Shipping companies reach $97M California oil spill agreement
SANTA ANA, Calif. (AP) — Shipping companies will pay nearly $97 million to settle a lawsuit with a pipeline operator over a 2021 oil spill off the coast of Southern California, the pipeline company said Wednesday.
Amplify Energy, the Houston-based company that operates the pipeline, said in a statement that companies associated with the M/V Danit and M/V Beijing agreed to the payments. Amplify accused the vessels of dragging anchors in the waters off California and striking the pipeline during a January 2021 storm, which months later led to the spill of 25,000 gallons (94,600 liters) of crude oil into the Pacific Ocean.
Once the payments are made, Amplify said it would drop its claims against the shipping companies.
“The resolution of Amplify’s claims against the vessels and their affiliated entities concludes our involvement in the litigation related to the 2021 pipeline incident," Martyn Willsher, Amplify’s president and chief executive, said in the statement.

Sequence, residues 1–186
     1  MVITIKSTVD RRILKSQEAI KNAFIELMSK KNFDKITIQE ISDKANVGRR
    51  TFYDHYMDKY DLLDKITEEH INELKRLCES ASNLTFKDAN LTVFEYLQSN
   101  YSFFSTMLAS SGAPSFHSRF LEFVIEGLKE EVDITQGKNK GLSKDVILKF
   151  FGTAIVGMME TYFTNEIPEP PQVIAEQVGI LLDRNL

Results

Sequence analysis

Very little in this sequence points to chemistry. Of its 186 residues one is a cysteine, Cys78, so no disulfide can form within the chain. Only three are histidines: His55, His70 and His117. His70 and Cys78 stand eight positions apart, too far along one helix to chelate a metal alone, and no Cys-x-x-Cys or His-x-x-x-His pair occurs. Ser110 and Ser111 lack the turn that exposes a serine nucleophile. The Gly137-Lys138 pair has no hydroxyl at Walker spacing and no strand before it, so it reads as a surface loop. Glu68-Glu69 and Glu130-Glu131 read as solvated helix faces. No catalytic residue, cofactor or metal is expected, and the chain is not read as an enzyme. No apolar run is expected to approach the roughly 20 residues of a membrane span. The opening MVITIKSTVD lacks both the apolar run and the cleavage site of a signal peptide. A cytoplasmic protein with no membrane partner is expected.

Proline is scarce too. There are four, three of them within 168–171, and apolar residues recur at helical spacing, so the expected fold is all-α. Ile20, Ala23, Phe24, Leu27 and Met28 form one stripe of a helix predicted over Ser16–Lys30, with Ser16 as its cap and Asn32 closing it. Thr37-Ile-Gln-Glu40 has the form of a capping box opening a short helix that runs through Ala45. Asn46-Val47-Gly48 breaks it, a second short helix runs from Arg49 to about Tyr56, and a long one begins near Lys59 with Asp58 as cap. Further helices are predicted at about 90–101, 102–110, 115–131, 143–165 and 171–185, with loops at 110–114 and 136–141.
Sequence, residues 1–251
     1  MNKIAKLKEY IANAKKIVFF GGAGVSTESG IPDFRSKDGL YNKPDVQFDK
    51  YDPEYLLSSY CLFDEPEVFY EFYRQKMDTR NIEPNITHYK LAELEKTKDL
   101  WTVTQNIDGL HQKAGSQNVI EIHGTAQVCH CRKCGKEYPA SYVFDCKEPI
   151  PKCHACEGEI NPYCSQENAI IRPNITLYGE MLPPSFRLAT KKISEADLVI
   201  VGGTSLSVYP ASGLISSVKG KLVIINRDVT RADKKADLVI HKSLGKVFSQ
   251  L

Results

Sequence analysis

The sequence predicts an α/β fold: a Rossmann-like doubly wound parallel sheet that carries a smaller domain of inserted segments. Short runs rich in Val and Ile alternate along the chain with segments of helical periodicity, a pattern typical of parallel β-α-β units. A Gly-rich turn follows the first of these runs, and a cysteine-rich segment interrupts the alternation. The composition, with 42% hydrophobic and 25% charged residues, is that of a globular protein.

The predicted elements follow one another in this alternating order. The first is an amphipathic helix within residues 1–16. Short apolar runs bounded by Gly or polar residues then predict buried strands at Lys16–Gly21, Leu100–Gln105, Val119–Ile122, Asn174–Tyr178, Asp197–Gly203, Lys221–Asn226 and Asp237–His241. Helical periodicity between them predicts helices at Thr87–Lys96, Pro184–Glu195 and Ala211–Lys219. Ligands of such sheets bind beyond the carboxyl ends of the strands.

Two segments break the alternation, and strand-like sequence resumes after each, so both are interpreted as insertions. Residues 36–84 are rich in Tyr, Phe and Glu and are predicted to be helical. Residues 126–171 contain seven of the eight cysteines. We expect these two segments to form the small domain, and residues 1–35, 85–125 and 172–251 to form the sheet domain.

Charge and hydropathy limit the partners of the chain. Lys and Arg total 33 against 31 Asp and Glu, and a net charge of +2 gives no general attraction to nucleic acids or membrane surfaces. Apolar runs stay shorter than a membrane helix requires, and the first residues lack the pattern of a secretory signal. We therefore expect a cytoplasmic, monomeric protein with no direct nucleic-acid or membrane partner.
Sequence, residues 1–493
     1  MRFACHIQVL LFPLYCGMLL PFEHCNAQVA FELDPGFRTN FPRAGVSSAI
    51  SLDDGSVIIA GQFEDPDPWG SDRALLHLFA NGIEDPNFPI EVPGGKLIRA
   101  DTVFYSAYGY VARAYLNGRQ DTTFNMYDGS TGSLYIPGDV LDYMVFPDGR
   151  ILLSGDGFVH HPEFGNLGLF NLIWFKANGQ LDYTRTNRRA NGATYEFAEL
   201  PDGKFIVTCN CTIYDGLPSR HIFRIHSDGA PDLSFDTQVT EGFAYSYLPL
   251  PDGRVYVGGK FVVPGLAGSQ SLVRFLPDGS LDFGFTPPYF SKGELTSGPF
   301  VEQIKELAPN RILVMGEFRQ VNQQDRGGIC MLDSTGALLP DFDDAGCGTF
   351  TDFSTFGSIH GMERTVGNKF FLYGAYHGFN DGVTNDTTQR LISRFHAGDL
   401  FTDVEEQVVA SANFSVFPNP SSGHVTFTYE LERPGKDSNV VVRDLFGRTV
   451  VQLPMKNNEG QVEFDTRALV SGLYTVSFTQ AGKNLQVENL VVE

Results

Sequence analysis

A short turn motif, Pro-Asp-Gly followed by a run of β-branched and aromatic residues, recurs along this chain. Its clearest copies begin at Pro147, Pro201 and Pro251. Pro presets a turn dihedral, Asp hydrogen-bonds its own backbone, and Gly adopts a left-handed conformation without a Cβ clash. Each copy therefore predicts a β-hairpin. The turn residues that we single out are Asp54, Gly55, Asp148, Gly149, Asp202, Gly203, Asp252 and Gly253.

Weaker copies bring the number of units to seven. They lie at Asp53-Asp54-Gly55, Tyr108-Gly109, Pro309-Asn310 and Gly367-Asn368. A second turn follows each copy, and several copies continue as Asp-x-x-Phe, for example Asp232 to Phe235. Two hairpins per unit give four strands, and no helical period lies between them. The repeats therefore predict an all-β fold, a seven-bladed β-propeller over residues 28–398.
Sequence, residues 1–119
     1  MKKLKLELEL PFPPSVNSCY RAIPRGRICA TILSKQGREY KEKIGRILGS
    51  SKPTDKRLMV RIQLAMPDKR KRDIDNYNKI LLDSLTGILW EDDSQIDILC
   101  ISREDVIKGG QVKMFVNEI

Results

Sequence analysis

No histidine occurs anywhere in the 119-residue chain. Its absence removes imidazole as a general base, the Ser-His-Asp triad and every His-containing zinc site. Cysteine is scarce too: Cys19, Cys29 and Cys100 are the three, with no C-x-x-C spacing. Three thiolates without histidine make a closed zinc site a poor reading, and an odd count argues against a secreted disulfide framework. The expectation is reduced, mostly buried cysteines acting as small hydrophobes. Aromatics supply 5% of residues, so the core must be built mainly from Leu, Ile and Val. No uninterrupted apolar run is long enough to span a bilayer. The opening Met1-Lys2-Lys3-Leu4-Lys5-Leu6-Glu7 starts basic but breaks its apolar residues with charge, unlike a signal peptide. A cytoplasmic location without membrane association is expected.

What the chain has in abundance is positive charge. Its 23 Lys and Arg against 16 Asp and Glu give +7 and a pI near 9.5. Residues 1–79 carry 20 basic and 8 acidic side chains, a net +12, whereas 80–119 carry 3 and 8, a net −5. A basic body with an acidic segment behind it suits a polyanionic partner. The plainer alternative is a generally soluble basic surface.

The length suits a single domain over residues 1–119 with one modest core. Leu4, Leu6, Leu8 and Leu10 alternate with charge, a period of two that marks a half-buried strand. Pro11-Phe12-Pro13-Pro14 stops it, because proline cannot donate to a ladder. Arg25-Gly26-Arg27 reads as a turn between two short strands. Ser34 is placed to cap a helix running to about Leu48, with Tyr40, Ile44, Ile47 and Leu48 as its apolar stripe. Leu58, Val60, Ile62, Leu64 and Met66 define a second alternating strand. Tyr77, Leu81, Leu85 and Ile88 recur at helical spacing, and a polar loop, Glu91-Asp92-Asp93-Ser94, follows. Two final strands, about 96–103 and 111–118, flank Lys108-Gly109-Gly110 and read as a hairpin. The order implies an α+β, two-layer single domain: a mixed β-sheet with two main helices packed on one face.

Messages seeking comment were sent to lawyers for the shipping companies.
While less severe than initially feared, the oil spill sent blobs of crude washing ashore, shuttered beaches for a week and fisheries for more than a month, oiled birds and threatened area wetlands.
Southern California fishermen, tourism companies and property owners sued Amplify and the shipping vessels seeking compensation for their losses. Amplify agreed to pay $50 million and the vessels agreed to pay $45 million to settle those lawsuits.
Amplify, which reached a plea deal with federal authorities for negligently discharging crude, sued the vessels and the Marine Exchange, an organization that helps oversee marine traffic.
The Marine Exchange has also agreed to a non-monetary settlement with Amplify, the statement said. No details of this settlement were immediately released.
The Associated Press